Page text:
A gaol delivery entry for a session at Bedford on 30th July, 1439 (JUST 3/210 m. 31) noted that William atte Halle of Bromham in Bedfordshire, labourer, had been indicted for the felonious killing of his wife, Alice. On 7th May the same year, at Bromham, he had allegedly posioned her food with ‘some deadly poison called arsenic and resalgar’. She had died on the 18th May. William’s not guilty plea was unsuccessful. He was found guilty and was ordered to be drawn and hanged.

So what?

The marginal note here, ‘distr’ & sus’ is not the usual expression of punishment for an ‘ordinary’ felony – we would expect just the ‘sus’ – referring to the hanging. ‘Drawing and hanging’ is usually only seen in cases of ‘petty treason’ convictions of men (so, servant kills master cases and counterfeiting). A husband killing his wife was not petty treason, since this was a category which related to offences against hierarchy, so there was no conjugal symmetry here. So was this a mistake? Was this particular case seen as particularly heinous for some reason? Could it have been the poison? A mystery – perhaps somebody can enlighten me.

I am also interested in the ‘cause of death’ aspect. Those who have ever done me wrong will be pleased to know that I have no expertise in the art of arsenic poisoning, so I do not know whether a death 11 days after ingesting arsenic would be likely to have been caused by the arsenic. Either way, it is interesting that a medieval jury would think so, and it’s one for my ‘post attack lingering deaths’ spreadsheet.



(Photo by Raphiell Alfaridzy on Unsplash – OK it’s a bit random, but generally suggesting meal preparation …)

Conjugal juxtapositions: petty treason and prosecution strategy in medieval Leicestershire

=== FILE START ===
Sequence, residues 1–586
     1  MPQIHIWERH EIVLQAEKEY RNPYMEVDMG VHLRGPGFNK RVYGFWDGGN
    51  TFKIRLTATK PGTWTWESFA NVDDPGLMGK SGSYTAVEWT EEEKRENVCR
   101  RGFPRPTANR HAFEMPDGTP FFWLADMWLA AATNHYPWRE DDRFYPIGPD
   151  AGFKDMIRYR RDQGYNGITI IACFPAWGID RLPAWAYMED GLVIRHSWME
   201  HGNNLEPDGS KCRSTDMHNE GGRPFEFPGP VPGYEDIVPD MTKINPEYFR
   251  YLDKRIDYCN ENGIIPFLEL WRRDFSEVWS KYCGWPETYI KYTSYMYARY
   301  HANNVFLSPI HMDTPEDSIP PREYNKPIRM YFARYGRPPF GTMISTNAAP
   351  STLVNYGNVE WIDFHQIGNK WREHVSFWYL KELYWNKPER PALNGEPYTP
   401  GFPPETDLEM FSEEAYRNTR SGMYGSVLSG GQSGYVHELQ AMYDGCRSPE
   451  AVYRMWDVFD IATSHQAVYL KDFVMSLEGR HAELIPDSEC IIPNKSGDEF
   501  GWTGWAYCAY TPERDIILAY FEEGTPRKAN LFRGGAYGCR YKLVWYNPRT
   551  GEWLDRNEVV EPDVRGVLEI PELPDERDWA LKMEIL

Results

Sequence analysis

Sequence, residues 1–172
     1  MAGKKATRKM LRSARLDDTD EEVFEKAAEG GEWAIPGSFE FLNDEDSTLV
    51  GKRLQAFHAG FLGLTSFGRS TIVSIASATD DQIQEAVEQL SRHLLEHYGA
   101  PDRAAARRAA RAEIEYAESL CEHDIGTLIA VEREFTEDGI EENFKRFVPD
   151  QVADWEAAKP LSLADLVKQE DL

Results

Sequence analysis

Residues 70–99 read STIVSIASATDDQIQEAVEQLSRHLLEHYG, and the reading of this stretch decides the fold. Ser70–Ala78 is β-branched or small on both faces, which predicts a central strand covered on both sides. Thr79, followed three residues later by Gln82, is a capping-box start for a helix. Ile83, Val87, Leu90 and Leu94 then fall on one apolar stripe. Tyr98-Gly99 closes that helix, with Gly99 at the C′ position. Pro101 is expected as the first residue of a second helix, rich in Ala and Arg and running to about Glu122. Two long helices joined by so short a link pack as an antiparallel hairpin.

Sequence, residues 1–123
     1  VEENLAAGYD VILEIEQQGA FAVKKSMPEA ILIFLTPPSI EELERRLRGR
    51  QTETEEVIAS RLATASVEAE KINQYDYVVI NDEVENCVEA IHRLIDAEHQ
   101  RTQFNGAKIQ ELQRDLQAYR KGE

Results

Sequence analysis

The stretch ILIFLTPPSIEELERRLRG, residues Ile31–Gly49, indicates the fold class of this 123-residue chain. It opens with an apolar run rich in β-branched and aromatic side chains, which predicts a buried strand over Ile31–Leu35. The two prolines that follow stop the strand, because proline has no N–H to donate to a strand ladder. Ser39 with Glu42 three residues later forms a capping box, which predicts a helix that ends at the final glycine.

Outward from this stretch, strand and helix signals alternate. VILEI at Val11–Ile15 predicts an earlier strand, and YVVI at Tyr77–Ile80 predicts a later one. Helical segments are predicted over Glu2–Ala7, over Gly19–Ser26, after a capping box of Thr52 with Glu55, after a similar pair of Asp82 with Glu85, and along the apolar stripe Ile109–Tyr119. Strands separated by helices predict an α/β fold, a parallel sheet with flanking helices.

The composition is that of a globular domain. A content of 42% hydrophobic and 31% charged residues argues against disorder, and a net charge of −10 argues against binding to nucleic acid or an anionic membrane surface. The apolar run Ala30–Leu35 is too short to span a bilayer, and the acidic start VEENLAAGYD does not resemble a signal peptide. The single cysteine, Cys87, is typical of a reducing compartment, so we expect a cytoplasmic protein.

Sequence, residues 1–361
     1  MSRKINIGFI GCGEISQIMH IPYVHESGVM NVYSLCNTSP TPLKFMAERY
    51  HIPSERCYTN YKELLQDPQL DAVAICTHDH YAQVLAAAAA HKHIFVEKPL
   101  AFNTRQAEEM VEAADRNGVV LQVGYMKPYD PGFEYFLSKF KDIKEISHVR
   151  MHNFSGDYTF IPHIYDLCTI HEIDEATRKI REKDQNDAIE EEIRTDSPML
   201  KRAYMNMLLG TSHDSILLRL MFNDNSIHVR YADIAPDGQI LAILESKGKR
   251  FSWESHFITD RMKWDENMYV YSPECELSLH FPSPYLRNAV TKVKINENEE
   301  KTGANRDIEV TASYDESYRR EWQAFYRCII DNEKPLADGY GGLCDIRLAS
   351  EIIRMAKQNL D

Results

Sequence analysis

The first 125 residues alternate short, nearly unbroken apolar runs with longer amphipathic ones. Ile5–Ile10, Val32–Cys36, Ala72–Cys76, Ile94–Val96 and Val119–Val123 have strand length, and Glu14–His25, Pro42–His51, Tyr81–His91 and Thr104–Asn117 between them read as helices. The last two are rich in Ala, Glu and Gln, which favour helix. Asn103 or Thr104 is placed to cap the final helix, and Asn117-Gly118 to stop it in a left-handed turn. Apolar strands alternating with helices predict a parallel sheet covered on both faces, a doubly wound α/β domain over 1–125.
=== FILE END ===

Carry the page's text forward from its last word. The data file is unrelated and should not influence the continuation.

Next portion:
After many years of comparative neglect, medieval married women (of a non-queenly, non-noble sort) have been considered with much greater care, in the historical studies of recent years.[i] It has, I think, become clear that not even classical legal historians – with their customary focus on doctrine and procedure, rather than people – ought to be muttering ‘coverture’, as if that magic word gave a straightforward answer to all possible questions relating to wives and common law, and then moving back to writs and institutions.

A glimpse of the complexity, and perhaps contradictions, involved in common law construction of the married woman can be seen in a remarkable pair of entries on a Leicester gaol delivery roll from the reign of Henry V.[ii] These entries, from a session in 1419, revolve around the death of a certain John Chaloner of Leicester, and those found to have been involved in that death. John’s wife, Margery, had brought an appeal (individual prosecution) against John Mathewe of Leicester, tailor, accusing him of killing her husband in his bed, on a Saturday night in November 1418, and accusing Richard Bargeyn as an accessory to this offence. These men were found guilty, and they were ordered to be hanged.